We've had some requests from teachers about how to better support music programs. Here's an interesting article from our friends at Teach.com. We'll circle back soon with some resources that can be used to better support music education in your classrooms. If you have any great resources, please let us know!
The following article was originally posted on December 16, 2013 on Teach.com .
Whether students are
tickling the ivories on the piano or strumming a guitar, the hours they spend
in music lessons and rehearsals are worth every penny. According to Education Week, studies presented at a recent
Society for Neuroscience meeting pointed to the many academic benefits of
learning a musical instrument. According to the studies, time spent doing so
has been connected to a positive boost in creativity, memory, decision-making
and multitasking skills. As with any talent or skill set, the earlier students
get involved in music, the better.
One of the greatest
outcomes of music instruction is the pleasure that students get from listening
to beautiful sounds—an intrinsically rewarding experience. Gottfried Schlaug,
the Music and Neuroimaging Laboratory director at Harvard University Medical
Center, claims that few activities are as rewarding as music instruction.
Students must organize and utilize multiple senses simultaneously and work with
others while receiving an emotional experience that offers regular, immediate
feedback. Schlaug said, “It’s really hard to come up with an experience similar
The ability to multitask
well is one of the most useful abilities that students gain from music
instruction. At the University of Montreal, researcher Julie Roy led a study to
test both musicians and non-musicians in “sensory processing tasks.” The
participants in the study listened to sounds while receiving touch stimuli to a
finger. The task was difficult because they needed to ignore the sounds in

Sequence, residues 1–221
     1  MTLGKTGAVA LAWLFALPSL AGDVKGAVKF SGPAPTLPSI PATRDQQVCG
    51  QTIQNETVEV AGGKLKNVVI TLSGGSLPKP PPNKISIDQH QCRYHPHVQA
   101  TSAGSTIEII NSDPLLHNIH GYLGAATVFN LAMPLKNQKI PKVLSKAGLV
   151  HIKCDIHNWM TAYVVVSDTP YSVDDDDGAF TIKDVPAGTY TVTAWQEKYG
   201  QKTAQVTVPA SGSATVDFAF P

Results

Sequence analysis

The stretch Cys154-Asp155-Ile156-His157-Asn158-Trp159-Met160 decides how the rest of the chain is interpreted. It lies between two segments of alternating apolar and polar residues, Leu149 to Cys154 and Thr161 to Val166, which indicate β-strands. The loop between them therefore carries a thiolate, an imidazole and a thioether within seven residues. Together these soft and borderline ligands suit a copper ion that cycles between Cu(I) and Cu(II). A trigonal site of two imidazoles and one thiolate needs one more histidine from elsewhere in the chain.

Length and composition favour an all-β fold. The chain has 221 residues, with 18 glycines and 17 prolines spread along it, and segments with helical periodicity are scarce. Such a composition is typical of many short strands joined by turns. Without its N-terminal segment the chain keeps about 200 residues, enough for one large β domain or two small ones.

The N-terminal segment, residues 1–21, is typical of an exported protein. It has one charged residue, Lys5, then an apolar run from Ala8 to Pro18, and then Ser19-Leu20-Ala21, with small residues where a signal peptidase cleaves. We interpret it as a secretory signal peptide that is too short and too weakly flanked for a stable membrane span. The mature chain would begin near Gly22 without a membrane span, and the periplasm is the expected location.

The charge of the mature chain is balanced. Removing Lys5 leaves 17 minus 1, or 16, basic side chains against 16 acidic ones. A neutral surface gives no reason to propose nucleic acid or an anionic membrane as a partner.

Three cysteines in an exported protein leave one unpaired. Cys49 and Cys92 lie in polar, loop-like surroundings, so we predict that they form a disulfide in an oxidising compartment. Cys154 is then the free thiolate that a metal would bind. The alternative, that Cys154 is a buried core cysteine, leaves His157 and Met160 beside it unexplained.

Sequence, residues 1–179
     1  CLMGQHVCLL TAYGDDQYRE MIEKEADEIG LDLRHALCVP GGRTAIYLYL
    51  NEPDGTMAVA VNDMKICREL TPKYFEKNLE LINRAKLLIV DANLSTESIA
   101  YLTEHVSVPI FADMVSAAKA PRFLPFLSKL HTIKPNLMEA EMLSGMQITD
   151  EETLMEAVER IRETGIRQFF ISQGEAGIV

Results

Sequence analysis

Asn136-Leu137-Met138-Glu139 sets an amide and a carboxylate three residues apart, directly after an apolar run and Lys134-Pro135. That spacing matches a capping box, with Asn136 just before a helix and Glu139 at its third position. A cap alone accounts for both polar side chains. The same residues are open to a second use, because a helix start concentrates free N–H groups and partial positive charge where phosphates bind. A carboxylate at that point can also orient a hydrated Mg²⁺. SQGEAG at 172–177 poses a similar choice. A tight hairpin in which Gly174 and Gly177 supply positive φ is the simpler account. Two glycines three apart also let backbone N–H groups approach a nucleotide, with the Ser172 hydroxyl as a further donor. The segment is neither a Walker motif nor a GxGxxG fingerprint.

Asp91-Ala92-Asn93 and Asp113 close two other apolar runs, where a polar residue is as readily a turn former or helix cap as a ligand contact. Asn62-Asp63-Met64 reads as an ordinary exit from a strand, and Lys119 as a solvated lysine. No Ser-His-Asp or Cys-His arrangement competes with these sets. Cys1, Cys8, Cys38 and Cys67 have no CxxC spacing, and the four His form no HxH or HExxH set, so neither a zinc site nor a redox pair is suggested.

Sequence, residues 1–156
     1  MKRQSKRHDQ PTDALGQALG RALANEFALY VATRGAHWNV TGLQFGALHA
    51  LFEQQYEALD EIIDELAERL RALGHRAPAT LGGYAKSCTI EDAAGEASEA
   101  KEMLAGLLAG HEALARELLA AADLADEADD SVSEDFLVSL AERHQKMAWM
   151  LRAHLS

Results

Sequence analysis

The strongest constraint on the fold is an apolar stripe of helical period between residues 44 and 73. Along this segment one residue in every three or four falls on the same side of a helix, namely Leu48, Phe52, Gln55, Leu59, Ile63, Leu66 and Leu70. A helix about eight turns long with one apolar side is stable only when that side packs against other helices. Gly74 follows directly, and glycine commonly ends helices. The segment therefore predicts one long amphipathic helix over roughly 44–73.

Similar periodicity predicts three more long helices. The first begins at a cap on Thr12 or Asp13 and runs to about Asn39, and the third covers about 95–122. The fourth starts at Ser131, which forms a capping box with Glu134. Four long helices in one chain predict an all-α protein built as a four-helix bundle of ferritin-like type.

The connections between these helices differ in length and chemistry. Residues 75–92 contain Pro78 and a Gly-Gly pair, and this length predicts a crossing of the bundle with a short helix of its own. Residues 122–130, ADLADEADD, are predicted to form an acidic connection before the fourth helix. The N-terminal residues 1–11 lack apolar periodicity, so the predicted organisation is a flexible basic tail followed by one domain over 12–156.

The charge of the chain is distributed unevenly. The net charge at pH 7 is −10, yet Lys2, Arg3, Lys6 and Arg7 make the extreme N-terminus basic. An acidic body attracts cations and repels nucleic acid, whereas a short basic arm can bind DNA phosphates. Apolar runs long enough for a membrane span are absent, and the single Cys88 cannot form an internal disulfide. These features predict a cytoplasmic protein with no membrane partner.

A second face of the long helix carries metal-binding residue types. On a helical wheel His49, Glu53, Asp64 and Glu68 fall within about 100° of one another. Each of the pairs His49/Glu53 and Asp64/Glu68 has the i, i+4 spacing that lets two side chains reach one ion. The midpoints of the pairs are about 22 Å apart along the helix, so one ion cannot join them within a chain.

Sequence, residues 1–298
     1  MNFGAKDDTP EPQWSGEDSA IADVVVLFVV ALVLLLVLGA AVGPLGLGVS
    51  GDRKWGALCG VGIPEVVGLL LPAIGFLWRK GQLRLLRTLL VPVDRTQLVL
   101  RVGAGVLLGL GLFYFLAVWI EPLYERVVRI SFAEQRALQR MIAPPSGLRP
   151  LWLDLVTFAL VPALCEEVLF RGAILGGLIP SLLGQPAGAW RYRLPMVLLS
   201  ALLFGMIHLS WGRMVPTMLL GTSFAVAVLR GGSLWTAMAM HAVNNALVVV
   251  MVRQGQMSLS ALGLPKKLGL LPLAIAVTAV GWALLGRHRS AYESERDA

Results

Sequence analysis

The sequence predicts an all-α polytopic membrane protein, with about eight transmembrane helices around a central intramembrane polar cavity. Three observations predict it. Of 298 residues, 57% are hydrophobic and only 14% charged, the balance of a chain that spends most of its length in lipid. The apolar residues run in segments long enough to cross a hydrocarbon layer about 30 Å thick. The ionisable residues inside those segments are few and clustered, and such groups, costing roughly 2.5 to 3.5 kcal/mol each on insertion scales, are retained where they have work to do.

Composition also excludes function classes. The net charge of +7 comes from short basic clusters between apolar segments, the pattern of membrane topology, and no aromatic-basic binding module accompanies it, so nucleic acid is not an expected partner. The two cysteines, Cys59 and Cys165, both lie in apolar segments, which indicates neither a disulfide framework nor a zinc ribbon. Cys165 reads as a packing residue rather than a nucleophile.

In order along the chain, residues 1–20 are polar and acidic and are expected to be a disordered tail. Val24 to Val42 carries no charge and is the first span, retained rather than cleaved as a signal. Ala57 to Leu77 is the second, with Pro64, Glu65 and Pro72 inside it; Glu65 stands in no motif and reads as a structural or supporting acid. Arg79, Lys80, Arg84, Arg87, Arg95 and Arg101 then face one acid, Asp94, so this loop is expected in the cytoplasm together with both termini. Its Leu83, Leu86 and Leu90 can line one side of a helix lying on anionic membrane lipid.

order to report what they physically felt. When listening to more than one
sound, participants often believed that they felt more than one touch. However,
seasoned musicians had double the accuracy on these tests than their
The benefits of music
training don’t end there. At Beijing Normal University in China, Yunxing Wang
led a research team from the State Key Laboratory of Cognitive Neuroscience and
Learning in studying the brains of adults between the ages of 19 and 21. All of
the adults had music instruction for at least a year between the ages of 3 and
15 years old. The results showed that individuals who began their music training
prior to turning seven had more sophisticated development in the brain areas of
“language and executive function.” While starting instruction at younger ages
may lead to greater gains later on, researchers argue that music instruction is
beneficial at any age. Ana Pinho, a Karolinska Institute researcher in
Stockholm, firmly believes that it is never too late to learn an instrument.
She said, “Even after stroke and disease, starting musical training can still
help you get more from your brain. All of these findings show [musical
training] can create a lot of plasticity that can produce effectiveness across
the brain, in cognition and behavior.”
All of these findings are
good news for music teachers, who have long advocated for quality music
programs in schools. University of Southern California neuroscience Professor
Antonio R. Damasio shares in such advocacy as he has been studying students
from the Youth Orchestra Los Angeles. In this orchestra, low-income students
are offered free instruments and training while researchers commit to studying
students for five years, beginning when students are only six or seven years
old. In the Heart of Los Angeles site, teacher/conductor Nikki J. Shorts is
impressed by how much the students, many identified as at-risk, mature over the
course of a few years. Students learn discipline and how to concentrate. Shorts
stated, “In order to cultivate the skills to sit and focus, they’re like
athletes: We exercise our brains and our bodies, and then we have to take a
break, relax, and come back to it. And over time, that skill builds up.” While
schools don’t require students to learn a musical instrument, it’s clear that
the benefits of quality music training are priceless.
--Michelle Manno is an Associate Editor at Teach.com where she writes about education reform and pop culture pedagogy.